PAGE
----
Once you’ve started your own business, it becomes an ongoing responsibility. It’s not something that can be easily paused and restarted at a whim. An important consideration before launching a business is therefore to assess whether it’s compatible with your current lifestyle, any existing commitments you may have, and immediate goals you are aiming for. Significant transitional events in your life such as starting a family, moving home, or completing adult/professional study may therefore be more important to focus on first.

6. How successful do you want to be?

You’ll be able to get the most sense of fulfilment from running your own side business if you have in mind how far you want to be able to take it. You may be satisfied with selling a few homemade pieces to customers who appreciate your skill or talent, or you may be looking to start a serious enterprise which you can eventually turn to full-time.  Whichever it may be, setting up a business without having a goal in mind is almost certain to fail and so think about how you would like to see your business go in the first year at least.

7. Are you able to accept failure?

Conversely, it would be prudent to acknowledge the real potential of business failure. 20% of businesses fail in their first year and this likelihood increases to 60% of businesses in their first 3 years. It is therefore wise to mentally prepare for this possibility, as well as assess what you may be putting at risk if you are determined to go ahead. Perhaps you plan to use some savings you’ve put aside to start this side business. If that’s the case, then you may want to ensure you keep a reserve so that, if the business does not work out, you’ll not fall into financial hardship.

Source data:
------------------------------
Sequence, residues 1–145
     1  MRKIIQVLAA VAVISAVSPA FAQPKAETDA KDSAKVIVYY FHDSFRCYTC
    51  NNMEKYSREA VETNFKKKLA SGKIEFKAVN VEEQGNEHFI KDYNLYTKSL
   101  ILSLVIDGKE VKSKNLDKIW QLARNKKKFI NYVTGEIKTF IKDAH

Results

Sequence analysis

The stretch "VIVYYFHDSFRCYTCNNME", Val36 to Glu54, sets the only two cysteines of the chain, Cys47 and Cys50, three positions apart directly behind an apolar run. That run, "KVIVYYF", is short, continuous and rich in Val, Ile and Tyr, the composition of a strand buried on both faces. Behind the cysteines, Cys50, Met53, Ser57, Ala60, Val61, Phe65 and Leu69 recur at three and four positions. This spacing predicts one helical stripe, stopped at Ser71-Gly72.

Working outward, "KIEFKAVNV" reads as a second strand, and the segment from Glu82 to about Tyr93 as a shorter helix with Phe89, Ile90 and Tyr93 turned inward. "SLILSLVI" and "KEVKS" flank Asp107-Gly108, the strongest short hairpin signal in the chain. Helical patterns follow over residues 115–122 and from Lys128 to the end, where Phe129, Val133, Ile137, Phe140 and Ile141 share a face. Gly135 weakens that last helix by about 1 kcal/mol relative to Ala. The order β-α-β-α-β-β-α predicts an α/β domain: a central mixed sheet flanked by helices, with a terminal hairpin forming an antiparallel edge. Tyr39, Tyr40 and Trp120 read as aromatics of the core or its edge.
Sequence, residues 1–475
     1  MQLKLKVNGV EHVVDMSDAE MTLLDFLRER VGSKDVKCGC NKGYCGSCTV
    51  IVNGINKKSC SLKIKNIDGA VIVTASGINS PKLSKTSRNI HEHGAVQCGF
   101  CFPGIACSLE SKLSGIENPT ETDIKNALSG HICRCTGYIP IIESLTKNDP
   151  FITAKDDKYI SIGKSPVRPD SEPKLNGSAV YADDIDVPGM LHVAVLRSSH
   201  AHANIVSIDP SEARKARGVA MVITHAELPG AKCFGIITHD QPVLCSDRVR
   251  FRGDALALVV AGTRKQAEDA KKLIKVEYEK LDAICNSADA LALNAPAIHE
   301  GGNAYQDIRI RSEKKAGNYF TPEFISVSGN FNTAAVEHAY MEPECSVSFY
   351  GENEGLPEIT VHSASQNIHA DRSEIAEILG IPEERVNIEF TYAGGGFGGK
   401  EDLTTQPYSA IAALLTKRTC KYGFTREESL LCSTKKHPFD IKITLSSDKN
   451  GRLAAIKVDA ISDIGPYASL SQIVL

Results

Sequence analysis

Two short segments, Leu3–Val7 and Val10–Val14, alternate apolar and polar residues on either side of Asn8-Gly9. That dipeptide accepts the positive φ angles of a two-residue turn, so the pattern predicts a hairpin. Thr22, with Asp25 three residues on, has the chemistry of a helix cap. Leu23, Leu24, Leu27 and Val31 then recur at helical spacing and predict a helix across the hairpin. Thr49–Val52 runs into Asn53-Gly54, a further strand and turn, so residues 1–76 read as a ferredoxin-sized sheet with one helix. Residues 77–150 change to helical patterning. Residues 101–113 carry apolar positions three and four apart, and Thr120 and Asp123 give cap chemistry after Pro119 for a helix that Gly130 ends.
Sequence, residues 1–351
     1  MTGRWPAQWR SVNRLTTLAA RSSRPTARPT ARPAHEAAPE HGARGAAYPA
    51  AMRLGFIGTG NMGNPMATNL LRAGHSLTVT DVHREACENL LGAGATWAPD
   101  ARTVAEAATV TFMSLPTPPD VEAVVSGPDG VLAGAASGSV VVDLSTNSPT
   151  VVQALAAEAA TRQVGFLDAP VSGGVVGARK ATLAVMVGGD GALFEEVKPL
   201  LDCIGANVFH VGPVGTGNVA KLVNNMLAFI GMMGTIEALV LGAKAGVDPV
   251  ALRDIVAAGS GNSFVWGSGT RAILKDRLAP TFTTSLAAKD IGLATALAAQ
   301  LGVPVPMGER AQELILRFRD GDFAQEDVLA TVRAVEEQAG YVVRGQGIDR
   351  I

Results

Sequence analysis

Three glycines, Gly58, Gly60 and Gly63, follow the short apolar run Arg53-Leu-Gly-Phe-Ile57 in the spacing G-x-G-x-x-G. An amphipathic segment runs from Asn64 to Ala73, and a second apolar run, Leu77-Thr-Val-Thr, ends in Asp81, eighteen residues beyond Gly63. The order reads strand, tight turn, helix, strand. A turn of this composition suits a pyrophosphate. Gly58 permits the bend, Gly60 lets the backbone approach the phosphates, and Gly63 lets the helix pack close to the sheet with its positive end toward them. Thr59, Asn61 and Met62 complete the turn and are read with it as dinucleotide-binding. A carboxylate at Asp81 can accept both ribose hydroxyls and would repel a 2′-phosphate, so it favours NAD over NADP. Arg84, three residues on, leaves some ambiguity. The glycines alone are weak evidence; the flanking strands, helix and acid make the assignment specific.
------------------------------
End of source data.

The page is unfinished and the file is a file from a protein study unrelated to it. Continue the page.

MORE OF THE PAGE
8. Will you need help?

If you’re starting your own business for the first time, then it’s not unusual that you may need help. Be prepared to pay for professional services such as legal fees or accountancy fees (these are not the areas to be too thrifty on as it could end up costing you in the future). If you plan to enlist friends and family, will you be able to consistently rely on them. If not, then it may mean hiring people to help – in which case you’ll need to set up a payroll system.

9. Will enough people want your product or service? ` 

To have a business, you’ll need to find people who will want your products or services. This is where market research comes in, and we recommend doing this before starting your side venture. It’s crucial to understand whether you’ll be entering a saturated market where you’ll have to work hard to stand out from the crowd. Or maybe you’ve created an entirely new and innovative product/service which you’ll have to educate customers about so that they can see the value. Either way, you’ll want to establish whether there is demand for your business in order to be successful.

10. Will a side business bring you joy?

Starting your own business can be incredibly challenging. It can be difficult to switch off and stressful when you’re solely responsible for its success. However, running a side business can also be an incredibly rewarding and satisfying experience. It can be an outlet for your entrepreneurial aspirations and empower you to do something you love for a living. So the last point you should think about before deciding whether or not to start a side business is whether you’ll gain more from doing it or whether it’ll simply take away from your time, energy and other priorities.